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A Changing Faculty: Contingency and its Consequences for Higher Education

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  1. A Changing Faculty:Contingency and its Consequences for Higher Education Presentation to the American Political Science Association, Department Chairs Professional Development Workshop, February 6, 2009 John W. Curtis Director of Research and Public Policy American Association of University Professors Washington, DC

  2. Changing Expectations • Higher education’s successes. . . • Innovation • Access • . . . lead to changing expectations • “Return On Investment” • Social objectives (equity, diversity, economic development) February 6, 2009 2

  3. Changing Institutional Context • Decreasing public funding • Decreases in direct support of institutions • Indirectly through financial aid • Increased calls for accountability • Student skills (“outcomes”) • Equity and diversity • Conservative political backlash • The pursuit of money and prestige February 6, 2009 3

  4. Institutional Impact • Impact varies by type of institution • Research U’s and Elite Liberal Arts Colleges:More (marketable) research • CCs: “Higher ed for all” but at reduced cost; Bachelor’s degrees; economic development • Smaller LACs: Seeking their “market niche”; Adult degree completion; shift toward business and professional training • Public Comprehensives (broadly defined): All of the above! Adding research to teaching February 6, 2009 4

  5. And now… • Hiring freezes • Salary freezes • Cuts in travel funding and support for research Quite literally, doing more with less! February 6, 2009 5


  6. Consequences for Faculty • Employment status • Increasing use of contingent faculty (Figure 1) • Workload • More teaching • Increased expectations for working with students • Institutional prestige = (marketable) research and outside funding February 6, 2009 6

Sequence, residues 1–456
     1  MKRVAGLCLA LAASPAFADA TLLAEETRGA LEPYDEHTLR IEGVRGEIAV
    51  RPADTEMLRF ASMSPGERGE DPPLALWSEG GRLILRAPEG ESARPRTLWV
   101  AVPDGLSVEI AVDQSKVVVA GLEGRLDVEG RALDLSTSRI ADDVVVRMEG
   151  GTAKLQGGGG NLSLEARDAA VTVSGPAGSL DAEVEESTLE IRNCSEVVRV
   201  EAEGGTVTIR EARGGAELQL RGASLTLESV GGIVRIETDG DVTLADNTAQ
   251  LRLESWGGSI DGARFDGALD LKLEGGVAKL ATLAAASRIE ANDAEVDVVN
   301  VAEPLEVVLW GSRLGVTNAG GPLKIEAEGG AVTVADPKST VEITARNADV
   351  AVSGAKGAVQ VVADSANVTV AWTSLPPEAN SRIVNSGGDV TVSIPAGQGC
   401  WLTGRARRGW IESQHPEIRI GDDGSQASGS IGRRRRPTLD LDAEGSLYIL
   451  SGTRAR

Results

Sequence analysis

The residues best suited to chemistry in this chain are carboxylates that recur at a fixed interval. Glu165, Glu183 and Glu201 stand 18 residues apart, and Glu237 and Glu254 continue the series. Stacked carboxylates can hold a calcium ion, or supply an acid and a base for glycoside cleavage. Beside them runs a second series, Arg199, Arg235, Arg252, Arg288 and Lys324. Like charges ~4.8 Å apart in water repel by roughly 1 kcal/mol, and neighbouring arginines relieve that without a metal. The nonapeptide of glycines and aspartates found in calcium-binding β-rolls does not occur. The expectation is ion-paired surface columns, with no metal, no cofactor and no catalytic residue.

7. Inequities • Impact on individual faculty members is inequitable • Teaching/Research/Service – shifting expectations for institutions, departments, and individuals • Negotiating individual deals • Women faculty are more likely to be in part-time positions (Figure 2) • Among full-time faculty, women are more likely to be in non-tenure-track positions (Figure 3) February 6, 2009 7

  8. Contingent Faculty Status • Defined by the relationship between a faculty member and an institution • Although individual situations vary, the structural impact is enormous • The underlying issue is insufficient funding, but . . . • The “F-Word” February 6, 2009

  9. Contingent Faculty Status • Part-time faculty (adjunct) • By course, by term • No security, low wages, no benefits • Insufficient support (office, technology, professional development) • Not involved in curriculum or pedagogy discussions • “Real World Experience”? February 6, 2009

  10. Contingent Faculty Status • Full-time non-tenure-track faculty • Just visiting? • “Teaching only” • Salary, benefits—but still contingent • Graduate student employees • Students or employees? • TAs or instructors? • Postdoctoral fellows • More disciplines, longer time, more teaching? February 6, 2009

  11. Contingency and its Consequences • For faculty • For institutions • For students • For higher education • (All of these have reciprocal effects.) February 6, 2009